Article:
how to pit cherries

 

When I was at my Mom’s she told me that she’s been wanting to try an old recipe that her Mom used to make.

 

When she was growing up, my Grandma used to buy a big tin of frozen cherries from Agway. She stored the whole tin in their large freezer.  One of the ways she used the cherries was to make a fruit topping by cooking them down with sugar and cornstarch to thicken, and some flavor like vanilla or almond extract.

While the fruit cooled, she mixed up some homemade sweet roll dough (without a recipe), rolled it out, and let it rise a little.

Then, she would spread the cherries on top and bake it in the oven.  When it was done and cooled, she made an icing and drizzled it back and forth on top.

Mom said it was wonderfully tasty.  I asked her the name of it and she thinks Grandma called it Cherry Pizza.  I did some research and it is very similar to the old fashioned Kuchen, which is German for “cake”…many of the old time housewives would cut away some of their bread dough on baking day to make a treat similar to this one.

Both of my grandparents have passed away and we all have so many good memories from when they were still alive….food memories in particular are are so vivid and meaningful (from all those family gatherings).  Mom hasn’t had this simple, homemade treat since she was a young teen, and because she had some cherries in the fridge and someone to bake with  (it’s more fun with a partner, right?) she decided to re-create the memory with Sarah and me. 

 

 (Sarah loved the feel of flour on her hands…)

 

 

How do happy bakers remove the pits from fresh cherries?  We used a bottle and a straw!  Mom learned a tip from a magazine and we tried it for the first time…….

You simply place the cherry on top of the bottle and, using the straw, push the pit down through the cherry, letting it land in the bottle.

 

Not only did it work great, it was very fun!  I imagine you could add vinegar to the juices and pits in the bottle, to make a special flavored vinegar for dressings.

Mom made a sweet, soft yeast dough (without a recipe) and then we made the fillings.

We had a bowl of nice peaches so we made peach filling, too.  The peaches ran a little so we folded up the edges to keep it neat and clean.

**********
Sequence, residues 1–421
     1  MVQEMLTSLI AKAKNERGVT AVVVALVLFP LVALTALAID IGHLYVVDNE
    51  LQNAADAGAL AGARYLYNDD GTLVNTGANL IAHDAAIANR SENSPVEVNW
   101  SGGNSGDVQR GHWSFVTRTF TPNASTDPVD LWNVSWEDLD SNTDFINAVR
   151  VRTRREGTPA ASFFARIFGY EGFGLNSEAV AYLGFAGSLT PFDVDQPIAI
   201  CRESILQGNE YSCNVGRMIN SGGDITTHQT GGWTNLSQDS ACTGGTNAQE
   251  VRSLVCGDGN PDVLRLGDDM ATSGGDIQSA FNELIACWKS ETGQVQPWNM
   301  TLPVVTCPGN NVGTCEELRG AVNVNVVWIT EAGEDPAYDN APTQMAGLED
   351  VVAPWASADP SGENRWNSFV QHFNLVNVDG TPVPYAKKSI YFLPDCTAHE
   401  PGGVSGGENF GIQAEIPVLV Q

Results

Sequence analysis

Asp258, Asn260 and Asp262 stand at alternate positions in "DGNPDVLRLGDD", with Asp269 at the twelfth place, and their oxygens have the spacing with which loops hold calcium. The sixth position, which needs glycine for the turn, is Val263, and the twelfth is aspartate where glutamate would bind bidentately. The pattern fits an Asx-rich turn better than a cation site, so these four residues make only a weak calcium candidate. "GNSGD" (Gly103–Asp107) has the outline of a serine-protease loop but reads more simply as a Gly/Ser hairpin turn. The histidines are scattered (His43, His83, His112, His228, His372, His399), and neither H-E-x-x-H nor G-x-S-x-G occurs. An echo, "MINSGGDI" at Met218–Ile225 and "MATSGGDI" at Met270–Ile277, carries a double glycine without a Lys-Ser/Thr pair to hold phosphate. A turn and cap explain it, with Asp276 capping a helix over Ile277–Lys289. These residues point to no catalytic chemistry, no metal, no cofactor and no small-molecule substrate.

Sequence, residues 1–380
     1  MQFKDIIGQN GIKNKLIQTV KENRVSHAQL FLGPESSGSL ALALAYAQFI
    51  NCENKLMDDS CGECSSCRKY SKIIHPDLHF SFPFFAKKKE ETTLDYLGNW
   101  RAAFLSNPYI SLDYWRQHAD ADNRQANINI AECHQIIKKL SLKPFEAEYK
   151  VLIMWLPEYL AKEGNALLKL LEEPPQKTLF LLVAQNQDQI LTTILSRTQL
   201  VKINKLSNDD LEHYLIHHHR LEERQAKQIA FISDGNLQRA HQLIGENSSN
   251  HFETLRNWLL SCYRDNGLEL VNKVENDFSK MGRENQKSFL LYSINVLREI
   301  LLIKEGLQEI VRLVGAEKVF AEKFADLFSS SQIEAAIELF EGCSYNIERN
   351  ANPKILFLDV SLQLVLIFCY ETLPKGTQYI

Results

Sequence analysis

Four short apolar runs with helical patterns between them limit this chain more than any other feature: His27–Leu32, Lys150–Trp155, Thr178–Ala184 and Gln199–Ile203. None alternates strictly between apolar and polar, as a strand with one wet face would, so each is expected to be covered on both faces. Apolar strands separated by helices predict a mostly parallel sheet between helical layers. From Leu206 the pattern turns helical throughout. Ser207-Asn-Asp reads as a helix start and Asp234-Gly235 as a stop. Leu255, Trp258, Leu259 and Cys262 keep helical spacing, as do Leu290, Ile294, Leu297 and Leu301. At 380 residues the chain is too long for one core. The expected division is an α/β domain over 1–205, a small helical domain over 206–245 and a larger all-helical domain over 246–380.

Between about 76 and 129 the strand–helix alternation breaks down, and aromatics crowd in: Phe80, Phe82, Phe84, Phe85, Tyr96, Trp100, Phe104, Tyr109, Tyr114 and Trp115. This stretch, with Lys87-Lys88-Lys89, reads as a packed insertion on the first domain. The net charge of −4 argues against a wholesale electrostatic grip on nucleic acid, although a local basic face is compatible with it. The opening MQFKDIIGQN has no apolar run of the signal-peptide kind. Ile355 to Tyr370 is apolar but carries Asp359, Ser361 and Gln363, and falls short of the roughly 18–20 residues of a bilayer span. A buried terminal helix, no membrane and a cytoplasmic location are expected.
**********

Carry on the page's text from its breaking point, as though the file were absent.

They were baked at 350 until done.

 

Oh, it was so delicious.  I think it satisfied mama, too, and Grandma sure felt close.  There were some tears shed by my Mom as we talked about her.

I can’t wait to make this again for Rich and the children.  I love using family recipes.

Do you have any unique family recipes that you enjoy?

 

“Your family and your love must be cultivated like a garden.
Time, effort, and imagination must be summoned constantly to keep any relationship flourishing and growing.”

~Jim Rohn ~

0 thoughts on “how to pit cherries

  1. I do have a fruit coffee cake recipe. You make the same dough as your mother did. Instead of a sauce with the fruit, you slip the fruit into the dough. Make them touch each other (use a lot of fruit) because the dough will rise around the fruit and it will spread out. Before baking, drop pats of butter over the fruit and add a generous mixture of cinnamon and sugar. Just bake until the dough is done. It’s not as moist as your mother’s with her sauce, but it’s still moist and very yummy because the fruit with the sugar makes it’s own sauce and then the dough puffs up around it.

  2. I am definitely going to try that method of pitting cherries. I make a filled lemon raising cookie that my grandmother made. We called them surprise cookies. I usually only make them at Christmas time, since they are a lot of work. I also make baklava using frozen filo dough. It’s about time to make some again.

  3. Wow that is the best idea for pitting cherries! I will have to let my mom and sisters know, we always dug them out with a hairpin, it’s very time consuming …..Pictures are very nice and yummy looking!

  4. such a simple great tip for pitting cherries! Baking together is so homey. I will always remember my grandmother making crepes for us. She often made these as dinner when she babysat us as kids. She was a great pie maker as well.

  5. I’ve never heard of pitting cherries that way-how creative!  We use a cherry pitter similar to this one-http://www.walmart.com/ip/Victorio-Cherry-Stoner-with-Suction-Base/17441426    The fruit desserts look delicious!  My grandma too never used recipes.  She made the BEST angel food cakes from scratch & noone has been able to recreate them.  I sure could eat one now. 🙂

  6. That is a clever way to pit a cherry! No expensive cherry pitters needed. My grandpa used to make Belgian Stew for special occasions. It was a recipe that he had modified from several other recipes. It was a thick, rich, hearty stew that we would serve over crusty bread. It was a labor of love each time he made it and some of my fondest memories are of the two of us, in his kitchen, making Belgian Stew. Unfortunately, he passed away before my children were born and none of us have been able to replicate that amazing stew ever since.

  7. Mmm… hoe truly wonderful! Of course, it looks (and I am sure it tasted!) delicious, but, even more wonderful is that you recreated and brought back to life something so special to your family, and now you can keep the tradition moving again 🙂

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